A WWII Japanese Soldier Hid in the Jungle for 29 Years (2024)

In 1944, Lt. Hiroo Onoda was sent by the Japanese army to the remote Philippine island of Lubang. His mission was to conduct guerrilla warfare during World War II. Unfortunately, he was never officially told the war had ended; so for 29 years, Onoda continued to live in the jungle, ready for when his country would again need his services and information. Eating coconuts and bananas and deftly evading searching parties he believed were enemy scouts, Onoda hid in the jungle until he finally emerged from the dark recesses of the island on March 19, 1972.

Called to Duty

Hiroo Onoda was 20 years-old when he was called up to join the army. At the time, he was far from home working at a branch of the Tajima Yoko trading company in Hankow (now Wuhan), China. After passing his physical, Onoda quit his job and returned to his home in Wakayama, Japan in August of 1942 to get into top physical condition.

In the Japanese army, Onoda was trained as an officer and was then chosen to be trained at an Imperial Army intelligence school. At this school, Onoda was taught how to gather intelligence and how to conduct guerrilla warfare.

In the Philippines

On December 17, 1944, Lt. Hiroo Onoda left for the Philippines to join the Sugi Brigade (the Eighth Division fromHirosaki). Here, Onoda was given orders by Major Yoshimi Taniguchi and Major Takahashi. Onoda was ordered to lead the Lubang Garrison in guerrilla warfare. As Onoda and his comrades were getting ready to leave on their separate missions, they stopped by to report to the division commander. The division commander ordered:

You are absolutely forbidden to die by your own hand. It may take three years, it may take five, but whatever happens, we'll come back for you. Until then, so long as you have one soldier, you are to continue to lead him. You may have to live on coconuts. If that's the case, live on coconuts! Under no circ*mstances are you [to] give up your life voluntarily. 1

Onoda took these words more literally and seriously than the division commander could ever have meant them.

On the Island of Lubang

Once on the island of Lubang, Onoda was supposed to blow up the pier at the harbor and destroy the Lubang airfield. Unfortunately, the garrison commanders, who were worried about other matters, decided not to help Onoda on his mission and soon the island was overrun by the Allies.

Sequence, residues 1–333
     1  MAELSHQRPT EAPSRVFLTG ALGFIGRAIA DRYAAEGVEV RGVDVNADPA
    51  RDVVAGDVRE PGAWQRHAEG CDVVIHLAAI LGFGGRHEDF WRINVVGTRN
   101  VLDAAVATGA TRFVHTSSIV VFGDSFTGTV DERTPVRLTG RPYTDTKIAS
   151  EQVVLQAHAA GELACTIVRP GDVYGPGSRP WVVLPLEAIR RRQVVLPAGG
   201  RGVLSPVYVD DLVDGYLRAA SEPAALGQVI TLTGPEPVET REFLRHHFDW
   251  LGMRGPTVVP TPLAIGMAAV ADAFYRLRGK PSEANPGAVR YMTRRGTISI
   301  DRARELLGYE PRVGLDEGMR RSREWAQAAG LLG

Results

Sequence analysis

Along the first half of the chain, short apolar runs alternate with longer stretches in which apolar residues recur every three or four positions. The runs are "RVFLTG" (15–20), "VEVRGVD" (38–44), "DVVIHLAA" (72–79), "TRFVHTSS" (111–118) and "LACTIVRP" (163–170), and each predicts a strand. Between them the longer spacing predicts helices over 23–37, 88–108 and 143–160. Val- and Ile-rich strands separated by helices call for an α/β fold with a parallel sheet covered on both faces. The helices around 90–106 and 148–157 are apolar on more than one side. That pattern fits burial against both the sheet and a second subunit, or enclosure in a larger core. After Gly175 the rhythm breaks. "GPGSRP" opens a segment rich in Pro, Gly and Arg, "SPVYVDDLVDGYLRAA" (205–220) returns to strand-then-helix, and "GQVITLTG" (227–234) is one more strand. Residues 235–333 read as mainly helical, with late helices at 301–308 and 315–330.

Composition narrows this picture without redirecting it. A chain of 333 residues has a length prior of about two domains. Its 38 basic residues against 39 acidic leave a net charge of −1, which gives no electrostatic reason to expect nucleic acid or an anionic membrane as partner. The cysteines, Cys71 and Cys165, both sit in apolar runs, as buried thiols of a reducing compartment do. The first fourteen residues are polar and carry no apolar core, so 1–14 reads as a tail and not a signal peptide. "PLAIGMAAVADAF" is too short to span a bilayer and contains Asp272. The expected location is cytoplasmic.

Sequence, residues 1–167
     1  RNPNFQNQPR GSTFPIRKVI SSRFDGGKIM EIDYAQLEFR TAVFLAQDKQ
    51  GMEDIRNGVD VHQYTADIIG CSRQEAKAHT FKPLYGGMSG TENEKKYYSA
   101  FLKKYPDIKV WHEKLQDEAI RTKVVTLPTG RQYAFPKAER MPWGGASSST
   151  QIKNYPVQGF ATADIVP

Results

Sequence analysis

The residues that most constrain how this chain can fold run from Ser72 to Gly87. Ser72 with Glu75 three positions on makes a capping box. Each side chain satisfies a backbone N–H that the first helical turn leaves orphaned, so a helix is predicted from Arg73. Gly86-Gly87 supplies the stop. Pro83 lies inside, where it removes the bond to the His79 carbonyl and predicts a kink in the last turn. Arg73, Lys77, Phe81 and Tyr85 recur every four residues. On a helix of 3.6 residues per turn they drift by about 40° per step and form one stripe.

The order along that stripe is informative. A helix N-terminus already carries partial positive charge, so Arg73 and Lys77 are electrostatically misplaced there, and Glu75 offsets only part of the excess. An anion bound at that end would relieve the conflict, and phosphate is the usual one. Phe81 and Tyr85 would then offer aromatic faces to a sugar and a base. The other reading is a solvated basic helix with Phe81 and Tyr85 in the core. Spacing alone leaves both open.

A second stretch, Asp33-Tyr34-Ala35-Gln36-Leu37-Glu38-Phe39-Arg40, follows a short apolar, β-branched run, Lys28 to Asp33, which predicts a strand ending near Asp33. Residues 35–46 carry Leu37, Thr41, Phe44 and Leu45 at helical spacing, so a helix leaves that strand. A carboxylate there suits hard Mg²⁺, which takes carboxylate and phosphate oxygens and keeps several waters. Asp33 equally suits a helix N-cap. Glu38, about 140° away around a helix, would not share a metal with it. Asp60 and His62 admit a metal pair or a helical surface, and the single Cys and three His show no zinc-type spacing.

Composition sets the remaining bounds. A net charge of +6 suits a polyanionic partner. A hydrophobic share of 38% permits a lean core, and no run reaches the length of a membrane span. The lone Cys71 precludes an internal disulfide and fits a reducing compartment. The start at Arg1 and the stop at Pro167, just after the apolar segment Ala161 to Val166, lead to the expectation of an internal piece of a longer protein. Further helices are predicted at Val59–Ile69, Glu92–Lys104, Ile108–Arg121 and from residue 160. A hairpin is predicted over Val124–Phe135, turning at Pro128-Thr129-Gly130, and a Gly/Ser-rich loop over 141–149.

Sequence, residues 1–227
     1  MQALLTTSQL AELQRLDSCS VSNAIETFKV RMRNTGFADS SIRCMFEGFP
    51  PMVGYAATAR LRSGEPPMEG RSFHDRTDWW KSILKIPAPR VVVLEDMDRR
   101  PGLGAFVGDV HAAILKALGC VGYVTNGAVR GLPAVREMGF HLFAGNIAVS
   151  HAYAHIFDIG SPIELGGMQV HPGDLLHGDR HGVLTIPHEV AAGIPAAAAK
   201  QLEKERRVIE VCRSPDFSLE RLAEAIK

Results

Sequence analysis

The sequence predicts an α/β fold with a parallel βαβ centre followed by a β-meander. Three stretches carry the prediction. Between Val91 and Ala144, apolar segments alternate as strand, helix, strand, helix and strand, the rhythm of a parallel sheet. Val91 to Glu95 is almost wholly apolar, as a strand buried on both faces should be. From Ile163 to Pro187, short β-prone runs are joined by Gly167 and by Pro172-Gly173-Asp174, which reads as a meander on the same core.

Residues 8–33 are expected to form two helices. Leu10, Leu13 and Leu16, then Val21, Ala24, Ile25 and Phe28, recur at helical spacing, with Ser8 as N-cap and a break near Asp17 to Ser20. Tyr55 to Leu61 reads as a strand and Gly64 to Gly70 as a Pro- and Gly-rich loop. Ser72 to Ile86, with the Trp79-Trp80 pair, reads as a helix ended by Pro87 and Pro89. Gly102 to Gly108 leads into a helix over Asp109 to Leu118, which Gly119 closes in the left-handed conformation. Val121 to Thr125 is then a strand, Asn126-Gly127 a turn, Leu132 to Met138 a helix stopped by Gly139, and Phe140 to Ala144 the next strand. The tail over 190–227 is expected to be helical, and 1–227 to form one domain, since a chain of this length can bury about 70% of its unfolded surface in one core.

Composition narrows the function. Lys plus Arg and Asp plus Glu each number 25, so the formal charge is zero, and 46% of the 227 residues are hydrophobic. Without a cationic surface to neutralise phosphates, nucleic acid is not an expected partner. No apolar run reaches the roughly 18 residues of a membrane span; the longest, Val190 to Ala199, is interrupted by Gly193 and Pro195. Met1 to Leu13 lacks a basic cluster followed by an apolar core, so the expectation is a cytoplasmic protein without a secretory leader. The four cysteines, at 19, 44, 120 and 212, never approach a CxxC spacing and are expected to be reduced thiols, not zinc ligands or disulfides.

The remaining Japanese soldiers, Onoda included, retreated into the inner regions of the island and split up into groups. As these groups dwindled in size after several attacks, the remaining soldiers split into cells of three and four people. There were four people in Onoda's cell: Corporal Shoichi Shimada (age 30), Private Kinshichi Kozuka (age 24), Private Yuichi Akatsu (age 22), and Lt. Hiroo Onoda (age 23).

They lived very close together, with only a few supplies: the clothes they were wearing, a small amount of rice, and each had a gun with limited ammunition. Rationing the rice was difficult and caused fights, but they supplemented it with coconuts and bananas. Every once in a while, they were able to kill a civilian's cow for food.

The cells would save up their energy and use guerrilla tactics to fight in skirmishes. Other cells were captured or were killed while Onoda's continued to fight from the interior.

The War Is Over...Come Out

Onoda first saw a leaflet that claimed the war was over in October 1945. When another cell had killed a cow, they found a leaflet left behind by the islanders which read: "The war ended on August 15. Come down from the mountains!"2 But as they sat in the jungle, the leaflet just didn't seem to make sense, for another cell had just been fired upon a few days ago. If the war were over, why would they still be under attack? No, they decided, the leaflet must be a clever ruse by the Allied propagandists.

Again, the outside world tried to contact the survivors living on the island by dropping leaflets out of a Boeing B-17 near the end of 1945. Printed on these leaflets was the surrender order from General Yamash*ta of the Fourteenth Area Army.